Seventeen-year-old Samantha Bevins would really like to vote in Massachusetts’ 2020 presidential primary. So much so that in between studying, writing her own politics blog, and hitting the ice hockey rink, the Milton Academy junior has been pushing for legislation that would let her cast a ballot March 3.
No, she’s not asking Beacon Hill to lower the US constitutional voting age. Bevins will be 18 by the general election in November and thinks that should qualify her to participate in the primary, as well.
Nor is this a novel concept. Twenty-four states and the District of Columbia have beaten the Commonwealth — so proud of its founding role in American democracy — in adopting laws that permit 17-year-olds to participate in primary elections and caucuses if they will be 18 by Election Day, according to the most recent information from the nonprofit FairVote — though in a few cases it applies only to the state’s Democratic contests.
So far, Bevins has been surprisingly successful in her probably quixotic quest to vote on Super Tuesday, attracting wide attention from lawmakers and the news media for the bill she helped write. The legislation got a hearing last week, despite having been filed in October, relatively late in the two-year lawmaking session. Bevins testified, skipping honors precalculus and a social awareness class.
She brought with her more than 300 letters of support from residents of more than 100 towns.
With sunny determination, Bevins has converted a number of lawmakers to her cause. She argues that the change she seeks is practical, and a civic good.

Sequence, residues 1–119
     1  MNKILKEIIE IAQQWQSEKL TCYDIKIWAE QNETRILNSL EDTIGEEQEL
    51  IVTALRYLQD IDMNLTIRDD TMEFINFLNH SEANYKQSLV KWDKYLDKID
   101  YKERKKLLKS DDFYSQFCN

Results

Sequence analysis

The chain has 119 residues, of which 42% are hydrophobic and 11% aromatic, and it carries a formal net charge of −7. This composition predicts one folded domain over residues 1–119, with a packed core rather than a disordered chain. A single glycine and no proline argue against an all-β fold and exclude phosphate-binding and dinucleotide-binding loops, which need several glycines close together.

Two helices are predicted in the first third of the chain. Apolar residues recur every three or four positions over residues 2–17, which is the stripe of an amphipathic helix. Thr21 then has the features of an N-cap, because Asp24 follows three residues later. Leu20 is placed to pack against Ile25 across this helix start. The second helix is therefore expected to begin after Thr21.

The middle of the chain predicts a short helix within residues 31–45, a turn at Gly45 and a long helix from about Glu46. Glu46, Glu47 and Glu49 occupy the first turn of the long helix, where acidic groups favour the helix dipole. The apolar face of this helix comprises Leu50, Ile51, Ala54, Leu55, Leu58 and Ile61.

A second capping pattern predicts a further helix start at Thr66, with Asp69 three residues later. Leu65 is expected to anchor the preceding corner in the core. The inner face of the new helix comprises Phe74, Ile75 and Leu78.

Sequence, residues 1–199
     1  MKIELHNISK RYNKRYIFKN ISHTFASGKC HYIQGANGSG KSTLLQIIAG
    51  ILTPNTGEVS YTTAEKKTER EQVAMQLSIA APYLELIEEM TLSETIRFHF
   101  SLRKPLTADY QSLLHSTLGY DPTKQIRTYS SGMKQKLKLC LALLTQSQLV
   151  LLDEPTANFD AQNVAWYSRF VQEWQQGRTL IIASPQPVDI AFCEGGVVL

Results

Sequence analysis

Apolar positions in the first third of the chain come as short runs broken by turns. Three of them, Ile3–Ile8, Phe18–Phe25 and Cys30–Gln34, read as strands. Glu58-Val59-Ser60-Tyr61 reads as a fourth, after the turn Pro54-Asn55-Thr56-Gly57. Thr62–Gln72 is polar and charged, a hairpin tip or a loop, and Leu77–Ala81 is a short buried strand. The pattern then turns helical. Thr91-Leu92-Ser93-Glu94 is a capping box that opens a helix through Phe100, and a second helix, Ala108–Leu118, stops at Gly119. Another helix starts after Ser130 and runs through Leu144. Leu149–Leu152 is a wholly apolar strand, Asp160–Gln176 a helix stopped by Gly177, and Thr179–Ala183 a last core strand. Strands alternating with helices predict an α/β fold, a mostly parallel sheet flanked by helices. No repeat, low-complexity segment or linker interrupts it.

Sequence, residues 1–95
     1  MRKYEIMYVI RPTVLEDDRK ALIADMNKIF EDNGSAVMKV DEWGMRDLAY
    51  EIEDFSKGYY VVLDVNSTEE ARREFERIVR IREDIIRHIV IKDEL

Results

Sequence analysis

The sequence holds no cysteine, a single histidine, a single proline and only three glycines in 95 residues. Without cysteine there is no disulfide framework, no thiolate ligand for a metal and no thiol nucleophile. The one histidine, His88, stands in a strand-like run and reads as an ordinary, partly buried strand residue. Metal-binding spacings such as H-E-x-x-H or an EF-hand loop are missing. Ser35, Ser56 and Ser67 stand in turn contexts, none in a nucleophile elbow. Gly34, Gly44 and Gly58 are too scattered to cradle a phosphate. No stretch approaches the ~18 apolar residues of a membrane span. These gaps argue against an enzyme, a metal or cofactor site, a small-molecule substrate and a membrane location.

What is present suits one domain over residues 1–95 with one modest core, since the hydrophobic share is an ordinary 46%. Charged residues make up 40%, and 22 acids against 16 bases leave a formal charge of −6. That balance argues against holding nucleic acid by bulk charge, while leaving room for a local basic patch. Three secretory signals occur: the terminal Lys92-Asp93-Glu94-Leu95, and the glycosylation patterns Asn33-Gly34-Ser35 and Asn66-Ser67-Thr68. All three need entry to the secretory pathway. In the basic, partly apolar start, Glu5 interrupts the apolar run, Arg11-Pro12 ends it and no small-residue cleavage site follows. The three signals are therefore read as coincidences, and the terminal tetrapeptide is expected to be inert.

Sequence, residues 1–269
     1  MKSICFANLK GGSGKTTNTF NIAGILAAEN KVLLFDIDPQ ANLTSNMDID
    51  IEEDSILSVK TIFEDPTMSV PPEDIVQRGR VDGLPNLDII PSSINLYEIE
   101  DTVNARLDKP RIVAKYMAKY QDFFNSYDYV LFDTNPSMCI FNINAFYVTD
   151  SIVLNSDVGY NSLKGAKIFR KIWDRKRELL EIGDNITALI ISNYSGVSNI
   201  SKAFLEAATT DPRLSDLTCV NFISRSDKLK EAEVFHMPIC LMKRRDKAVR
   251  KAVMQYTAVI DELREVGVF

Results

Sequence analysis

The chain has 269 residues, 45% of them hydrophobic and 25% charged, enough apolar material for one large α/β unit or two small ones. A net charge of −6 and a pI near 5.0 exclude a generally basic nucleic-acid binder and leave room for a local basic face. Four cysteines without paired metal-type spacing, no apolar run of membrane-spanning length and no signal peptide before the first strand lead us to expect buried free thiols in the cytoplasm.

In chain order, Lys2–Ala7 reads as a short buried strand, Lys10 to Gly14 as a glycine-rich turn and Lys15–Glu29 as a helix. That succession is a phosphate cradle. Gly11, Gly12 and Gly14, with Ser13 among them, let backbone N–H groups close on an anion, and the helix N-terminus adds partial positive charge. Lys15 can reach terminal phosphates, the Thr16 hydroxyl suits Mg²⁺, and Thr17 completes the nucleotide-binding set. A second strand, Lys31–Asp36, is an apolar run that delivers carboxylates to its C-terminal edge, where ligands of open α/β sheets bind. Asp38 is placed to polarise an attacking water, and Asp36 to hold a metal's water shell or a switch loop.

“I think that if you’re going to be able to vote in the general election and just basically check a box saying which party you’re going to support, you should have some voice in saying who’s going to be the one representing that party,” Bevins explained this month, sitting in the basement office of state Representative Joan Meschino, who represents Bevins’s hometown of Hingham and with whom the 17-year-old worked to draft the legislation.
By participating in primary and general elections in your first political cycle, Bevins argued, “I believe you become, like, more engaged in the whole election process.”
Her campaign for the change began, appropriately enough, at a campaign event: the presidential race kick-off of Senator Kirsten Gillibrand, Democrat of New York.
Bevins traveled last March with her mother, a close college friend of Gillibrand, to her launch event in New York City. There, a campaign staffer told Bevins that she could help the campaign in Iowa with fellow 17-year-olds, because the state had recently passed legislation permitting those who would be 18 by the general election to participate in the caucuses.
The staffer said she thought that Massachusetts also allowed similarly situated 17-year-olds to vote in its primaries. But a few weeks later, Bevins Googled her way to the disappointing news that while Connecticut, Indiana, Mississippi, Vermont, and 20 other states do have such a law, Massachusetts is not one of them.